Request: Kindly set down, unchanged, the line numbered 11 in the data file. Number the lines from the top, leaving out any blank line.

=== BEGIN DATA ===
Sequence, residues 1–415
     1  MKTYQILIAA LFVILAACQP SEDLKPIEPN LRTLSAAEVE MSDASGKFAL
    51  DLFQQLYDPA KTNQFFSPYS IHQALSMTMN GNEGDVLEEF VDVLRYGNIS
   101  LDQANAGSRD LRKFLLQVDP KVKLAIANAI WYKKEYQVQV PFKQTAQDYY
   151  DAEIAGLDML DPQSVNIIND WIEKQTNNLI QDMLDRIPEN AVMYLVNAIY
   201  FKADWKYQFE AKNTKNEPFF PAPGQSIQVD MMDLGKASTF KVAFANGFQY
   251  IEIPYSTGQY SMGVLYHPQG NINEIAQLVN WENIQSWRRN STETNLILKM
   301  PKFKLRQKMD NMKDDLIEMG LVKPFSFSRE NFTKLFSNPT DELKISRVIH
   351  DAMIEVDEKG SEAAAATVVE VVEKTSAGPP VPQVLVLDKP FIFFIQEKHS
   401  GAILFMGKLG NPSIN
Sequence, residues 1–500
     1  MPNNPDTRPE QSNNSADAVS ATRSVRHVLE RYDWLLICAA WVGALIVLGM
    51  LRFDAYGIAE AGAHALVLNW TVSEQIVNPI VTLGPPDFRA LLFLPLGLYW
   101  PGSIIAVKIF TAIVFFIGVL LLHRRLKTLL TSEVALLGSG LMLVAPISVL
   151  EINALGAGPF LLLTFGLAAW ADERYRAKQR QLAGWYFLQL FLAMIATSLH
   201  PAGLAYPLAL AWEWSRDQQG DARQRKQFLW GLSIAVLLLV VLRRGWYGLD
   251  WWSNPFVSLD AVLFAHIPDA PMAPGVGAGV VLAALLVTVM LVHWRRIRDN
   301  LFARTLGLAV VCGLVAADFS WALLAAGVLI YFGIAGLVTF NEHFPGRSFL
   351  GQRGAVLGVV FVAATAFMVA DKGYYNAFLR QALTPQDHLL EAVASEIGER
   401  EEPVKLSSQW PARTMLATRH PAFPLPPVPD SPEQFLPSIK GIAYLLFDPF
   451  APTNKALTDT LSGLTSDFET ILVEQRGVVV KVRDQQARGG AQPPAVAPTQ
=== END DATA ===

Sequence, residues 1–500